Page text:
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KILPATRICK ESTATE (11/13/51)

THE SUPREME COURT OF PENNSYLVANIA


November 13, 1951

KILPATRICK ESTATE

Appeal, No. 125, March T., 1951, from decree of Orphans' Court of Fayette County, June T., 1950, No. 52, in Estate of George W. Kilpatrick, deceased. Decree affirmed.

COUNSEL

Bresci R.P. Leonard, with him Thomas A. Waggoner, Jr., Rahauser, Van der Voort, Royston, Robb & Leonard, and Phillips, Waggoner, Phillips & Board, for appellant.

Joseph W. Ray, Jr., with him Ray, Coldren & Buck, for appellee.

Before Drew, C.j., Stearne, Jones, Bell, Ladner and Chidsey, JJ.

Author: Ladner

[ 368 Pa. Page 400]

OPINION BY MR. JUSTICE LADNER

This is an appeal from the Orphans' Court of Fayette County dismissing appellant's petition praying for a review of a final account filed in the Estate of George W. Kilpatrick, deceased, and confirmed absolutely more than fourteen years prior to the filing of the petition.

The petitioner (appellant) was not a distributee of the balance in the account which he seeks to review nor any party in interest therein. He is the second husband of Gertrude M. Kilpatrick Lare whose first husband was the decedent, George W. Kilpatrick. She was a distributee under the account sought to be reviewed, but is now dead. She was survived by the petitioner (her second husband) and by two brothers and a sister. The petitioner is not her personal representative but is the proponent of her alleged will which is being contested. The contest has proceeded to the state where an issue d.v.n. was awarded by this Court May 21, 1945, though for some undisclosed reason has never been tried: see Lare Will, 352 Pa. 323, 42 A.2d 801 (1945).

The personal representative of Gertrude Lare's Estate is the Fidelity Trust Company of Pittsburgh, having been appointed administrator d.b.n. The petition for review discloses that petitioner had previously filed a petition in the Orphans' Court of Allegheny County for a citation to compel the administrator of Mrs. Lare's Estate to apply for a review in this estate (Kilpatrick Estate). That petition was refused after "extended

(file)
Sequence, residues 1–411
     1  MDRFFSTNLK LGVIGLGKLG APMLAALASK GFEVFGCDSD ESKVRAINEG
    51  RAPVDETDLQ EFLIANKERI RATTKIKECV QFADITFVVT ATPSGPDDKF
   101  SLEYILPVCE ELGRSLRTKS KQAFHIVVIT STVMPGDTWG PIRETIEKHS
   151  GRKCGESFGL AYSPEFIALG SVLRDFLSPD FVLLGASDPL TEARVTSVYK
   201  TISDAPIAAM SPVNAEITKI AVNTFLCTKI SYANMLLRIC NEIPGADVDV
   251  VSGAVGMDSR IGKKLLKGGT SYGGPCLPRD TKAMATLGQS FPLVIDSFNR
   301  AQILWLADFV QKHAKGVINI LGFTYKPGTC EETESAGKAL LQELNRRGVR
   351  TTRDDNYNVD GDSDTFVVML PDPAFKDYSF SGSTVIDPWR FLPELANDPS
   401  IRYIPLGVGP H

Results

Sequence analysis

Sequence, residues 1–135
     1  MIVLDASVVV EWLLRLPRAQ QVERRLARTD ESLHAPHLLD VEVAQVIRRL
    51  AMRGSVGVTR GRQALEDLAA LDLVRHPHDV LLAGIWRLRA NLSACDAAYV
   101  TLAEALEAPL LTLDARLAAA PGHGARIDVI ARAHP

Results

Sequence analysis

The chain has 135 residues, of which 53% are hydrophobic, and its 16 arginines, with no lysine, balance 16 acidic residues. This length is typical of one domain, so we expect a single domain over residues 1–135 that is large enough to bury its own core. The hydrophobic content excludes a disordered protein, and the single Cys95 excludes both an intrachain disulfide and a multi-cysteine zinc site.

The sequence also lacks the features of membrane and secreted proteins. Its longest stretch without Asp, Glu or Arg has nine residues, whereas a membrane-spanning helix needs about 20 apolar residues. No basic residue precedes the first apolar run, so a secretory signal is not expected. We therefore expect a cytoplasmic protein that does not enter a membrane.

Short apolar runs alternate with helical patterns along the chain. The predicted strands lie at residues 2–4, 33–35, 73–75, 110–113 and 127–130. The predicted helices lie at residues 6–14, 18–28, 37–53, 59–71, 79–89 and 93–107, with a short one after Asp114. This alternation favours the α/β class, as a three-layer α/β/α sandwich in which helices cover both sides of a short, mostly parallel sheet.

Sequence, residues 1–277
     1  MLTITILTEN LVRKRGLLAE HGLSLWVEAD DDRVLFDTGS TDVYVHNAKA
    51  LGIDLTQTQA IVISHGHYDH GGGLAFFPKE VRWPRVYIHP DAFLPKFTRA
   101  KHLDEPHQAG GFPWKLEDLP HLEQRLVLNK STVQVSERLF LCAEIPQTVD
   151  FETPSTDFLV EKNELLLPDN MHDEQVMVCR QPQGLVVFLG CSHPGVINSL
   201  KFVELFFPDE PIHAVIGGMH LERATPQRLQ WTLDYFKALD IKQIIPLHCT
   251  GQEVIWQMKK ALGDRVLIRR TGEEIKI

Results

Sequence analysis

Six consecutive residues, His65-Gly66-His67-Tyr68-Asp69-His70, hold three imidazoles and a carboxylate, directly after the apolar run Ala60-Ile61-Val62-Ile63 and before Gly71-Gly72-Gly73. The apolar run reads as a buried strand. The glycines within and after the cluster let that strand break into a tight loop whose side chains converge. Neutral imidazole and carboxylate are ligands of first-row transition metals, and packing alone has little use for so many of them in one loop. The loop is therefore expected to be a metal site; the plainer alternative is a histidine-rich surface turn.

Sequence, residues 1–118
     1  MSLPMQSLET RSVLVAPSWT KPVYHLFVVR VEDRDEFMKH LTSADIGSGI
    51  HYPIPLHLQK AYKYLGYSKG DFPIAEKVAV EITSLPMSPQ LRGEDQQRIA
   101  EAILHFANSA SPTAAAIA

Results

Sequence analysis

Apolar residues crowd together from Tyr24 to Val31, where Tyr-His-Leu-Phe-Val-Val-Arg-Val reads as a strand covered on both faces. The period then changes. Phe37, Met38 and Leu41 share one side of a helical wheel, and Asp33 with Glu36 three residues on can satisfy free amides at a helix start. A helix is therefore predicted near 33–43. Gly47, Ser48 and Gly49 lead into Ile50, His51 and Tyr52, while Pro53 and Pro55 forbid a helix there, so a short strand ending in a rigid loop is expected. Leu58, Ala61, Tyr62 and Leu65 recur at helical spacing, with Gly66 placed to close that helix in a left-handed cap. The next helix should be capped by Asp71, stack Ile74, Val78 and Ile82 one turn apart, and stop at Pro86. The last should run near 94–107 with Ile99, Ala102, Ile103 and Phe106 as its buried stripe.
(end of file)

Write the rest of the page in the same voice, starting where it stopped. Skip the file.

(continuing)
[ 368 Pa. Page 401]

    record of pleadings, conferences and hearings," for the reason that there was no fraud on the part of the accountant,*fn1 from which order refusing the petition the appellant had appealed to this court but the appeal was discontinued. The petition for review in the instant case further avers that petitioner as surviving husband of Gertrude K. Lare is sole legatee under her contested will and if said will is not upheld, is nevertheless entitled to a surviving spouse share under the intestate laws. It charges also that the accountant whose account is sought to be reviewed had fraudulently failed to account for all the decedent's assets. In the view we take of the standing of the petitioner to ask the relief prayed for, these allegations need not be recited with particularity.

To this petition the respondent accountant filed an answer in the nature of preliminary objections raising the following questions: (1) whether the petitioner had any standing to file the petition for review; (2) whether the finding of te Allegheny County Orphans' Court that there was no fraud and consequent refusal of appellant's application to compel the administrator of Mrs. Lare's estate to ask for a review, was res adjudicata or conclusive on the Fayette County Orphans' Court; (3) whether the petition for review showed on its face such laches as would bar a review.

(1) President Judge CARR, specially presiding in the orphans' court below, so satisfactorily and correctly disposed of the first objection that we adopt with approval that portion of his opinion where he says, "... nor in our opinion has the petitioner such status in relation to the Kilpatrick Estate as would entitle him to

[ 368 Pa. Page 402]

    proceed against the executor in his own name. It is true that a successful prosecution of his claim would result in an increase of that estate and hence of the estate of his deceased wife, but her estate is represented by a qualified and acting administrator who alone has the right to sue in its behalf: Borden's Estate, 44 D. & C. 279, 284; Gallagher's Estate, 76 Pa. 296; Merchants-Citizens National Bank, Executor, v. Mauser, et al., 297 Pa. 399; Megarvel's Estate, 349 Pa. 14. The petitioner himself is obviously not a party interested in the Kilpatrick Estate within the meaning of the statute; his interest is only in that of his deceased wife: Brooke's Estate, 11 W.N.C. 124, 14 Phila. 325. It is well settled that one having no direct interest in an estate cannot demand an account, or, when an account is filed, interfere in its settlement or in any proceeding based upon it: Appeal of Del Valle, 2 Sadler 270, affirming In re Del Valle's Estate, 17 W.N.C. 30; and cases cited above."